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Chloe Lukasiak on Overcoming Bullying and Life After Dance Moms

Chloe Lukasiak on Overcoming Bullying and Life After Dance Moms

When you’re a TV-famous dance prodigy by age 9, you grow up fast. So it makes sense that Chloe Lukasiak, who left the show in 2014 only to return for the finale this season, has the wisdom of a woman twice her age. But the 15-year-old is more than a dancer. She’s also a singer, an actress, and come next winter, a published author. Girl on Pointe: Chloe's Guide to Taking on the World hits shelves in early 2018, but until then, read up on her thoughtful advice about best friends, internet haters, and always being real.

What was it like to have cameras in your face throughout your childhood?
That's how I grew up. When I think of how life was when I was younger, I think of filming and dancing. I was about 9 when we started the show, and in the beginning, it was a little weird to get used to. It was jarring to look over and see a camera. Then by season two, I got used to it. It was just second nature. Now I don't even think twice about cameras.

You seem very candid and true to yourself on social media, which isn't easy for someone who's in the public eye in 2017. It must be a lot to handle.
Yes. I'm not going to lie, it is. There are so many people on social media with big platforms; some of those people use those platforms to speak out about things like bullying, and some choose not to. I try to be someone who does. I think it's important to send a positive message to young people. Instead of just talking about what I'm wearing, I try to talk about important things. Don't get me wrong—I still like to talk about fun stuff, but I think it's important to let them know they're not alone.

You dealt with some seriously relentless bullying a few years ago, and worst of all, it was for a medical condition that required surgery. That’s so much to deal with at 14. How did you do it?
It was really hard for me. I've been on Dance Moms since I was 9, so I was kind of aware of people saying mean things, and I was aware of the haters out there. But I didn't pay attention to it, I didn't want to waste my time getting down about myself. I just ignored it. But then when my eye became an issue, I started deleting comments. I hate that I let it get to me, but I did, unfortunately. It was really, really hard to read those comments and push through it; it was also hard to go through tests and be unaware of what was actually happening to my eye, and to hear people say things like, “Oh, she has a lazy eye,” or “She’s so ugly.”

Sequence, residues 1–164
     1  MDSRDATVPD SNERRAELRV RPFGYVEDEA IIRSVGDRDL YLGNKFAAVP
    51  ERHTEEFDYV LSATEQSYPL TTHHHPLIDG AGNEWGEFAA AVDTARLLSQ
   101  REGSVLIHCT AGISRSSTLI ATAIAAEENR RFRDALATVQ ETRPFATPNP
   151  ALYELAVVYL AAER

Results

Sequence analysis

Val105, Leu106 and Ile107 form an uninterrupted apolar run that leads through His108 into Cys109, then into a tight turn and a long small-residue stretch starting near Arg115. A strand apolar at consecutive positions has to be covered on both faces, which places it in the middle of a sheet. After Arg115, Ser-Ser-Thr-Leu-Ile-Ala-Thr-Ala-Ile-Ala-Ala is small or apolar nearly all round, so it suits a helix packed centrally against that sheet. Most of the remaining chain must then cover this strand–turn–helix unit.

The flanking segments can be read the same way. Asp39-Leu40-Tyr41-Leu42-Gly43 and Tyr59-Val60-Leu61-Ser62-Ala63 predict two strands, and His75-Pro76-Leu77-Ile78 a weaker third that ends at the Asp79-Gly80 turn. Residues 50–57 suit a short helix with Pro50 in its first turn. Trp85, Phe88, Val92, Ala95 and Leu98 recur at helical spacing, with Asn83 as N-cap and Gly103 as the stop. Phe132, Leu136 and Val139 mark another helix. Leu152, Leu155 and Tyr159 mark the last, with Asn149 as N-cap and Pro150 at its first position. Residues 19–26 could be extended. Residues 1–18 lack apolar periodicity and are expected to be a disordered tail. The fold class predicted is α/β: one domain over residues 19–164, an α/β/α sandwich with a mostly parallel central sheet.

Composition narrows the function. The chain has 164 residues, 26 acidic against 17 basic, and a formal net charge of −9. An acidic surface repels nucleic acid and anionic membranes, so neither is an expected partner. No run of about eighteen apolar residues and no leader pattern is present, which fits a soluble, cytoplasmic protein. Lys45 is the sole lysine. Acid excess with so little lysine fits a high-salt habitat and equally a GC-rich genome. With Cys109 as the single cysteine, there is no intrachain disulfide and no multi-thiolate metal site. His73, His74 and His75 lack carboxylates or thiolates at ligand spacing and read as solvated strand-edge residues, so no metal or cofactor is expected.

It’s really difficult. Social media in general makes me kind of upset, because everyone uses it as a platform where you have to be perfect and look skinny from every angle and make sure it's filtered. I wish people would just be real on social media. It’s setting everyone’s expectations too high, and it’s just so much pressure.

How do you reconcile that kind of pressure?
Honestly, I have good parents. I go to yoga, I just try to focus on the positive things in life. I’ve declared 2017 as the year of bettering myself as a person in general. I try my best to ignore all the negativity. I’m a teenager, but I like to spend my Friday nights in my room, with my candles lit, reading a book—that’s just the kind of person I am. I don’t want to give the haters the attention.

I’ve learned over the past couple of years how important it is to cut negative people out of your life and only keep those who are supportive and are there for you in every way. It’s all about the quality of friends, not the quantity.

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